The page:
U.S. renewable energy associations and the biggest oil and gas industry lobby are united by a common cause—getting permitting reforms done to unlock the full benefits of the Inflation Reduction Act and boost domestic energy production.
In one of the most unusual ‘alliances’ in recent months, the American Petroleum Institute (API) and industry groups of clean energy producers and utilities have been urging Congress to amend the legislation on project permitting, including shortening the timelines for review under the National Environmental Policy Act (NEPA).
As Congress is discussing a debt ceiling deal, associations in both the oil and gas industry and the renewable energy sector are meeting with lawmakers to offer their viewpoints and express concerns about how a slow permitting process is hindering pipeline and offshore wind construction, and grid upgrades and expansions.
The oil lobby and the clean energy sector could even send joint delegations for talks with lawmakers soon, representatives of the industry groups tell the Financial Times.
“This is Big Wind and Big Solar coming to the table and saying we want to get things done,” Jason Grumet, head of the American Clean Power Association, told FT.
A possible deal on the debt limit between Republicans and Democrats could include a way forward to amending permitting performs, analysts say.
Permitting Reform Hinders Offshore Wind Development
In the meantime, both clean energy groups and API urge reforms to put America on track to meet its climate goals and renewable energy installation targets, and raise domestic oil and gas production to lower dependence on foreign energy sources.
The Inflation Reduction Act of 2022 and the Infrastructure Investment and Jobs Act of 2021, commonly referred to as the Bipartisan Infrastructure Law (BIL), were the two acts promising to drive growth in clean energy installations.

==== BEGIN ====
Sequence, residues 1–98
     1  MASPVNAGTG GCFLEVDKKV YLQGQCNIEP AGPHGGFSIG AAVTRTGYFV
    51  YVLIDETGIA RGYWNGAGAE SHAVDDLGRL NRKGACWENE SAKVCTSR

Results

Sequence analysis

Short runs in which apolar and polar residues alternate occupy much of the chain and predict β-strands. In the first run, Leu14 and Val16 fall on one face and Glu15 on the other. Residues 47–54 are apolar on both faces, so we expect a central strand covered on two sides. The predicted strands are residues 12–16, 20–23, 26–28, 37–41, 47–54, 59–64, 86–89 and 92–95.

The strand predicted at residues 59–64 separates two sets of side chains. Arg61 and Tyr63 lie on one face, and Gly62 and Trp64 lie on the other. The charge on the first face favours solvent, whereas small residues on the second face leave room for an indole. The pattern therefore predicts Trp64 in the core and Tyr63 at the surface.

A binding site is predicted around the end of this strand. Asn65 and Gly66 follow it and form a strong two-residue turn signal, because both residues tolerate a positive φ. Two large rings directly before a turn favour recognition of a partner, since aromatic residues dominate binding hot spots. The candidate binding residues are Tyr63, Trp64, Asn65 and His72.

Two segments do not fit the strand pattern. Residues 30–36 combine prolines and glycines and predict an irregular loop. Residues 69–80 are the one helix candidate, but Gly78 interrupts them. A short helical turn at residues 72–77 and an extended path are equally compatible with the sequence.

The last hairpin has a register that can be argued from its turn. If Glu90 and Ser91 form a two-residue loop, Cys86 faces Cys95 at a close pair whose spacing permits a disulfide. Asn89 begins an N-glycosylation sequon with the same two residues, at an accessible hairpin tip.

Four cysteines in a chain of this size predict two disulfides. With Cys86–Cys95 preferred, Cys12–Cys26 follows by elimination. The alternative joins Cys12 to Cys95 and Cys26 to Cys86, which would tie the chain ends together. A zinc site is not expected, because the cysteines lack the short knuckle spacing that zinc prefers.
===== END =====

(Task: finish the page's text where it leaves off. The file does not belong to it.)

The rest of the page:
However, “Barriers to deployment, such as siting and permitting challenges, supply-chain constraints, and social acceptance of electricity infrastructure development, could significantly reduce the rate of clean electricity deployment,” the National Renewable Energy Laboratory (NREL) said in a recent report.
Specifically in the offshore wind industry, “Major offshore wind manufacturing facilities can only be built in suitable ports, but construction of these facilities is constrained by limited available port space and uncertain permitting and construction timelines,” NREL said in a separate report.
In the supply chain development, “Major projects have experienced delays due to permitting and legal complications or increased costs relative to initial public filings,” it added.
Early this year, the Department of the Interior announced that the Bureau of Ocean Energy Management (BOEM) would publish a proposed rule to update regulations for clean energy development on the U.S. Outer Continental Shelf (OCS). The proposed rules are aimed at modernizing regulations, streamlining overly complex and burdensome processes, clarifying ambiguous provisions, and enhancing compliance provisions to lower costs and uncertainty associated with deploying offshore wind facilities.
Clean Energy Group Warns Permitting Delays Hold Back Economy